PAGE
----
I don't really know what you're talking about here. Debian people can
be unapproachable to people that, for instance, ask questions that are
clearly documented in the FAQ. But really, would you rather have Debian
developers answering the same question 100 times or working to improve
I think user concerns mean a great deal to Debian. Just because *your*
concerns aren't the same as other users doesn't mean that nobody cares.
> There seems to be so many issues. It seems you guys just don't care about
> your users. You don't go out of your way to make your users have a better
> experience. I honestly think you only care about yourselves. I doesn't
What gives me a better experience?
* Being able to set up a new server in under 5 minutes without having
to answer any questions whatsoever
* Having Xen support integrated into the OS in a helpful way
* Being able to upgrade machines without rebooting them
* Being able to run Debian on just about anything that boots.
This frees me from having my hardware dictated by my OS.
* Being able to run an on-site mirror
* Having source conveniently available for everything
* Integrated suport for LVM throughout
* Nice framework for compiling my own kernels
* Great tools for doing unattended installs (thank you debconf)
This is speaking just as a user at my job. All of these are things that
a person can do with Debian *NOW*. The Debian base install is 98MB.
The RedHat Enterprise Linux base install is about 1GB, and it doesn't
give me much useful over the Debian base install. We are deploying Xen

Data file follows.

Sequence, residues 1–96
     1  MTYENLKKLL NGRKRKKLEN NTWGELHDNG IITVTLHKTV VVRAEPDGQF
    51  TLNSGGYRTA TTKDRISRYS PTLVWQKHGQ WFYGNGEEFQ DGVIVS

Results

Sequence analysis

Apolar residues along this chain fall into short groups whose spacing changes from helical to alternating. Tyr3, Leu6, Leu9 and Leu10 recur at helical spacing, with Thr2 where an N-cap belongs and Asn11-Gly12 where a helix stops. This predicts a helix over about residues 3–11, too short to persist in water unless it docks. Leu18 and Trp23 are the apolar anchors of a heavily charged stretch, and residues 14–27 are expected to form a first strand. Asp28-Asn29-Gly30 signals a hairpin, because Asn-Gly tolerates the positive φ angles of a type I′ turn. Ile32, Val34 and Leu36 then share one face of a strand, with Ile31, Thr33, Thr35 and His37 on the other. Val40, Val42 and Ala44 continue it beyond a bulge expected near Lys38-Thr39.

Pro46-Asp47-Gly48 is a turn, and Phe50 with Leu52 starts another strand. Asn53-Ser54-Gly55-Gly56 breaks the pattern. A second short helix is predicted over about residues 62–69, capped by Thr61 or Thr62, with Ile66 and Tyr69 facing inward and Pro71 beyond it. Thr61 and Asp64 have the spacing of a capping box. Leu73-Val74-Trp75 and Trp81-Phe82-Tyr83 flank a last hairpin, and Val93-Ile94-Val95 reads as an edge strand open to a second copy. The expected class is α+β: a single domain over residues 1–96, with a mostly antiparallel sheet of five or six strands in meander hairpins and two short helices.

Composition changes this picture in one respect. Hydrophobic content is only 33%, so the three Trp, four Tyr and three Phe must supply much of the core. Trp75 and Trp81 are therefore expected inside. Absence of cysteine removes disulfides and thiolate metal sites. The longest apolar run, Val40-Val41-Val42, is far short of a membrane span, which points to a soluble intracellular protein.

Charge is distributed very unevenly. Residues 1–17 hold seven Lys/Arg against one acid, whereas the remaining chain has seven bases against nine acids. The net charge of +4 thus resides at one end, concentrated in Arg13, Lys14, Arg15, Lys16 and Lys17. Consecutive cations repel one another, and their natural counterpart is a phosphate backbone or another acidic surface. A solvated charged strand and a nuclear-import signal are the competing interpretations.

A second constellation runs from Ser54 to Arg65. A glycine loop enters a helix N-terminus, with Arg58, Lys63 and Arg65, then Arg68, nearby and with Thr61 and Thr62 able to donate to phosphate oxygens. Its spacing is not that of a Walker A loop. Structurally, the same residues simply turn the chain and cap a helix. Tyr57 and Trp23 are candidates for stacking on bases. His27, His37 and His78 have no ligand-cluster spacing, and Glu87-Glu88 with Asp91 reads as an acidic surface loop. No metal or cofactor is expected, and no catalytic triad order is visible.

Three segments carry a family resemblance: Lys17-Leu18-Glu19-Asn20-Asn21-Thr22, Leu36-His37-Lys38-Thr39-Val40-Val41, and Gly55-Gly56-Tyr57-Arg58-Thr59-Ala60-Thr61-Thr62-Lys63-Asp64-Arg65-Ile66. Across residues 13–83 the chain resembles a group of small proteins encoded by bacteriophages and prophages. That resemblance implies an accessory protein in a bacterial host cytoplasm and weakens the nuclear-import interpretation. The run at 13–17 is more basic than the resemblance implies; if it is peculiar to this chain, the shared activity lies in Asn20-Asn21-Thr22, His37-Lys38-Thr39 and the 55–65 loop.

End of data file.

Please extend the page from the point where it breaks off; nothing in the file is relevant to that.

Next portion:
on blades. I've been working to improve the backup situation in Debian
by packaging Bacula, and to improve support for multipath I/O (a big
concern in larger datacenters).
My concerns as a home user are different. I may not care about having
to reboot for an upgrade at home, but may care more about current video
You are falling into the trap of assuming that all users are like you.
> people's needs. As was recently said, pretty and nice are features too. I
> don't understand what the deal is. Any, good programmers have good ideas
> they impliment, more then just the ability to hack to debug. Is debian good
> for anything besides Debuuging, Debugging, Debugging. Never and new great
> features or ideas.
Signed packages, perhaps? How about the nicely integrated Xen support?
The schroot system (great for development environments)?
There's plenty to talk about in Debian.
I'm guessing you don't care about the things I've mentioned or the
things I've worked on. I can assure you there are people that do, and
some of them manage thousands of machines.
> I hope you guys will put some thought into this, but by the reputation you
> have I am guessing you will say, "If a user wants something done do it
> yourself, there's plenty of documentation. We don't need to change, we are
> the best programmers there are. We are too good to take notes from Ubuntu"
Actually, there has been a lot of discussion on the Debian lists about
how communication between Ubuntu and Debian can be improved so that
improvements flow in both directions more easily. I think it is safe to
say that there are things to work on in both camps.
> Unfortunatly I think you just aren't smart enough to read the writing on the
> wall that there is a reason Ubuntu has been for a while now such a more
> popular distro then us.